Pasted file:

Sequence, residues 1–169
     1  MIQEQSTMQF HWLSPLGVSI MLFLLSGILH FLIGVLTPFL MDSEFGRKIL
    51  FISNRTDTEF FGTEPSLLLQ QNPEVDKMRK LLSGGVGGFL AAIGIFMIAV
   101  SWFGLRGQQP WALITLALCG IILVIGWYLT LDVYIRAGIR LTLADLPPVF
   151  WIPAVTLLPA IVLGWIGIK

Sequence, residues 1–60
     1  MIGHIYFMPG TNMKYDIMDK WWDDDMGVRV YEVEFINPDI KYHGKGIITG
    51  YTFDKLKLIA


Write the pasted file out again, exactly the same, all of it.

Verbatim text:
Sequence, residues 1–169
     1  MIQEQSTMQF HWLSPLGVSI MLFLLSGILH FLIGVLTPFL MDSEFGRKIL
    51  FISNRTDTEF FGTEPSLLLQ QNPEVDKMRK LLSGGVGGFL AAIGIFMIAV
   101  SWFGLRGQQP WALITLALCG IILVIGWYLT LDVYIRAGIR LTLADLPPVF
   151  WIPAVTLLPA IVLGWIGIK

Sequence, residues 1–60
     1  MIGHIYFMPG TNMKYDIMDK WWDDDMGVRV YEVEFINPDI KYHGKGIITG
    51  YTFDKLKLIA